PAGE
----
The “alt-right” has a first-amendment right to expressive speech, no matter how ugly – but they do not have a right to speak unchallenged. We challenge ideas with ideas – but we also need to meet supremacist pep-rallies with a strong presence or those rallies will do what they’re supposed to do: encourage quieter fellow-travelers to come on over. The principle of self-defense demands that we not stay quiet and pretend they don’t pose a real threat.
20th century history teaches us that progressives, liberals and all who are revolted by the ideology represented by Donald Trump’s alt-right allies and supporters, need to have voices as strong as the resurgent racists. After 1933, opposition to the Nazis in Germany was limited and easily suppressed; early opposition to Mussolini and his Blackshirts during their gradual takeover of the Italian government was also too weak to be meaningful. Few were willing to own up to what was happening. And we know what happened.
So, yes, I’m delighted to see that the baby Brownshirts are being met with forceful opposition, and despite the despicable murder of Heather Heyer, I hope counter protests will continue to oppose the spread of the racist disease that afflicts us and that has been exacerbated by some of our current leaders, just as I applaud the many rallies decrying supremacist violence that have taken place since the death, Saturday, of Heyer.
This type of action is necessary, but it is not enough. Elected officials must also speak out forcefully. There is no room for ambiguity anymore. We need them to not only condemn white nationalist militancy, but to condemn the president’s evident desire to offer cover for racists. At the very least we need to know unequivocally where – and with whom – they stand
But what have we got from our dear leaders at the point that I am writing these words, nearly three days after the alt-right rampage that resulted in the death of a counter-protestor at the hands of an avowed white nationalist and Trump supporter? Some congressmen, both Republicans and Democrats, have spoken up forcefully against the hatemongers – although few Republicans seem are willing to name the President’s consistent enabling of hate as such. Others, mostly Republicans, remain silent.
In Missouri, so far, our two senators, one a Democrat, the other a Republican, have made bland statements voicing disapproval of “hate” and “bigotry”, with no explicit mention of militant white nationalism or right-wing militias – and certainly not a word directly disparaging the President who has, with a wink and a nod, belatedly, grudgingly and unconvincingly disavowed bigotry. Pious condemnation of “violence” also characterized the response of Rep. Vicky Hartzler (R-4) – although, credit where credit’s due, Hartzler, in distinction to her Missouri GOP confreres in the House, actually issued a press release right away on Charlottesville, arguably the most significant domestic event of the weekend.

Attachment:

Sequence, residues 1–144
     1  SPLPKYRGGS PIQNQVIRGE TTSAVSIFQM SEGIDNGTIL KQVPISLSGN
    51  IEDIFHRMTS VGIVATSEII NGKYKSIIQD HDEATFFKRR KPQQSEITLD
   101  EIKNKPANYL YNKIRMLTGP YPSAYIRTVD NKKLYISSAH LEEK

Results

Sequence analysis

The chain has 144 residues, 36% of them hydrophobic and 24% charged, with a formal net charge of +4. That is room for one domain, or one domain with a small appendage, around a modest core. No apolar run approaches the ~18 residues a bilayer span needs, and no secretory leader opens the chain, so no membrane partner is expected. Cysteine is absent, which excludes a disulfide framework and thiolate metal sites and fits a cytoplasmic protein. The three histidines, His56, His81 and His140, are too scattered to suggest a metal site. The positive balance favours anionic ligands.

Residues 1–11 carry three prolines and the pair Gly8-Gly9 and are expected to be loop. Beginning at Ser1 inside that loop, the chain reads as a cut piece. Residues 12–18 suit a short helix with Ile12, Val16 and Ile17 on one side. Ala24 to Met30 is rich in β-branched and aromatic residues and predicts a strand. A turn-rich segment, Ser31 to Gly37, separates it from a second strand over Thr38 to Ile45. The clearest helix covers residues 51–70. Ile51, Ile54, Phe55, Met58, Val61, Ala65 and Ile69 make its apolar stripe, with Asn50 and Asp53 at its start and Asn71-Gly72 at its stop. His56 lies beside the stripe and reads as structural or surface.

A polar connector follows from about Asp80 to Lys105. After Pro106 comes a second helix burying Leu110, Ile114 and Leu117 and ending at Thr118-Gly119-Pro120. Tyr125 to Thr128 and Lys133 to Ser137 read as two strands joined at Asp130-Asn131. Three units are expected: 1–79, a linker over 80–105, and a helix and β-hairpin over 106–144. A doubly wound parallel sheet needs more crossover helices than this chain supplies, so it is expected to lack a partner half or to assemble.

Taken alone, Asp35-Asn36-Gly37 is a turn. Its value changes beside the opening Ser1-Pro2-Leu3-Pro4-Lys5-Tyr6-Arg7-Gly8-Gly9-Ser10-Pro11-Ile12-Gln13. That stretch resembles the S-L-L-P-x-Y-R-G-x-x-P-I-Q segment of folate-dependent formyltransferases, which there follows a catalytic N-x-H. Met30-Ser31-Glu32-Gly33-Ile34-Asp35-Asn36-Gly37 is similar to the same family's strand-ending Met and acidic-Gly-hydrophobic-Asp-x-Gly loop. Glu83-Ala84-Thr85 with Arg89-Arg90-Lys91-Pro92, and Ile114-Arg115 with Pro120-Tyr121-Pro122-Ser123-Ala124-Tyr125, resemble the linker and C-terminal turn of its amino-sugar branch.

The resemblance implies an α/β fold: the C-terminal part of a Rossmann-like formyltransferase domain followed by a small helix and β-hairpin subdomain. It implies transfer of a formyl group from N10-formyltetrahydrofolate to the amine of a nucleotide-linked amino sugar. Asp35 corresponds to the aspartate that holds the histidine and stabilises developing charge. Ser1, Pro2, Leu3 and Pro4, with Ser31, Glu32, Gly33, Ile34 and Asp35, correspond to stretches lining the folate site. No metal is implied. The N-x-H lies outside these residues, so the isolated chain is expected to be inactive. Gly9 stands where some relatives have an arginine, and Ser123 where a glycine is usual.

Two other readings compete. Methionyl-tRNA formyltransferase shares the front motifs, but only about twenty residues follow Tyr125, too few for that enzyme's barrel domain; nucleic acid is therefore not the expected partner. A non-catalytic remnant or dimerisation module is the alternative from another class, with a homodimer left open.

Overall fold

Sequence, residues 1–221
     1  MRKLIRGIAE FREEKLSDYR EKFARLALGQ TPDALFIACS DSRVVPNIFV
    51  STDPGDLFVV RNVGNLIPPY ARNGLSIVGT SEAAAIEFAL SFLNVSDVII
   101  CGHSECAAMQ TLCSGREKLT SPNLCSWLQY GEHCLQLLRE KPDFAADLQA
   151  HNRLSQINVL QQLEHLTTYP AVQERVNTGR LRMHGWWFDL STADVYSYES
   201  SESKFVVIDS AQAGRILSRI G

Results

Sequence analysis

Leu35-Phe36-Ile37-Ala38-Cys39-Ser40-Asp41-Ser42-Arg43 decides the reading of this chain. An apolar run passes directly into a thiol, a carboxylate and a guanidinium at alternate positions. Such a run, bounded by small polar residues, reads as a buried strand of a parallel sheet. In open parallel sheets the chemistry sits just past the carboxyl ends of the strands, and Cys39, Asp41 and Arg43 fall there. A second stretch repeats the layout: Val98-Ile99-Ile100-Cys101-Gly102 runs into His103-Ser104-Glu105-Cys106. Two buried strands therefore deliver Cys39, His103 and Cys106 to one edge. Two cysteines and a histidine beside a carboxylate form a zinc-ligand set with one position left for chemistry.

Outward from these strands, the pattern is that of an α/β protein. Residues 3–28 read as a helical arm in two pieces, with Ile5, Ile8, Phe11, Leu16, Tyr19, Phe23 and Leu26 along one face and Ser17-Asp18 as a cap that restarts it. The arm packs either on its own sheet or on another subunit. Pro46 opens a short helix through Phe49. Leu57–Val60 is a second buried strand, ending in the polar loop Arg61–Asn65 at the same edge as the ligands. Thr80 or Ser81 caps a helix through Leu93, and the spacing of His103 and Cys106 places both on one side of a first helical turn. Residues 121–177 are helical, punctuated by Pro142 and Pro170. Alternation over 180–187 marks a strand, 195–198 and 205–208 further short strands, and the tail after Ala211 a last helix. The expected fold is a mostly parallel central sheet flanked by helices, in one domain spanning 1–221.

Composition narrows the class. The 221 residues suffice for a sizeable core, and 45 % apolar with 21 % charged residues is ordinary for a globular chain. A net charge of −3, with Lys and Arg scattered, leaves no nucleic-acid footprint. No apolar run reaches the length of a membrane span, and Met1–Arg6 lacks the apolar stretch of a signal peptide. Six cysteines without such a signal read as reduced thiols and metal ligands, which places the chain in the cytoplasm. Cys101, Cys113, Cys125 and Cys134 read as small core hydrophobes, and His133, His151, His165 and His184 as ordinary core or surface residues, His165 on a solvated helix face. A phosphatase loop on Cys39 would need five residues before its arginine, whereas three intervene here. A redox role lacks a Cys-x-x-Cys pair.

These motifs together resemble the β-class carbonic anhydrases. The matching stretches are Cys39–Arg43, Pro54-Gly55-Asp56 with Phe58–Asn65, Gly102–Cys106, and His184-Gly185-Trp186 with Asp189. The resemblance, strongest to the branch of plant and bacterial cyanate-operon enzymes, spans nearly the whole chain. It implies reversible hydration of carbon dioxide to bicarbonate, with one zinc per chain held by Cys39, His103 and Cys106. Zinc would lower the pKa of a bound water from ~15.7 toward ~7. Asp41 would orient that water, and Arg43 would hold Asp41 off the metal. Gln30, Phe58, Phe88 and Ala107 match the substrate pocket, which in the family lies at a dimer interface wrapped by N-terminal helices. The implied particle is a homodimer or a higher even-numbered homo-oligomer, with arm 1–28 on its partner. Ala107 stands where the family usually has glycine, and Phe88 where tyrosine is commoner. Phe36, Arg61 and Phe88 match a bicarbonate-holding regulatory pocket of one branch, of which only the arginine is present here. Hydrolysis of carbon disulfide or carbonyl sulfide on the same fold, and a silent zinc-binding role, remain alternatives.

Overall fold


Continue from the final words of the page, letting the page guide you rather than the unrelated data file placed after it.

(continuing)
I may have missed it, but I haven’t heard anything at all from the rest of the GOP Missouri delegation to the House. I Googled each of their names in conjunction with “Charlottesville,” and scanned their Websites for press releases and found nada, zip, zilch as of 4:00 pm today (8/15). Yesterday I got an email newsletter from Rep. Ann Wagner (R-2), my representative in Washington, and there was no mention of Charlottesville to be found. Maybe next time?
The same cannot be said about the two House Democrats from Missouri, Emanuel Cleaver and Lacy Clay, Jr. Cleaver declared that although he’ll continue to pray for Trump, Charlottesville has forced him to give up on any expectations he may have had that Trump would rise to the presidency, and to face the fact that he just doesn’t “like Donald Trump.” Well Hallelujah! And while my cursory search for a statement on Charlottesville from Lacy Clay yielded no results, he’s already on the record – many times. Clay even called for Trump to refrain from hiring Steve Bannon because of his racist proclivities, tweeting “@realDonaldTrump coddling of racist supporters puts #BlackLives and #Latinos as risk, endangers us all.”
Amen. Telling it like it is. They’ve all got to do it. Over and over again. Louder and louder. It’s a matter of defending the defenseless. It’s a time for extreme language, not moderation. The guantlet has been thrown. They’ve got to pick it up or walk away. And if they walk away, you know what will happen.
UPDATE: Washington Post prints comments from elected officials after the President once again blamed “both sides” today. A little more backbone perhaps?
*Slightly revised and cross-posted to Daily Kos, 8/15/2017, 8:49.
This afternoon, via Twitter:
Jason Kander @JasonKander
Despite what @realDonaldTrump says, there are not many sides to this. There’s good and evil, and he refused to take a stand against evil.
2:50 PM – 12 Aug 2017
If you’ve ever wondered what you would do when faced with evil, now is the time.
Today from the New York Times:
The New York Times @nytimes
Richard Spencer said he had gotten caught up in his passion for the alt-right cause when he shouted “Hail victory!”
5:50 AM – 22 Nov 2016
Old media will figure that out too late, as usual.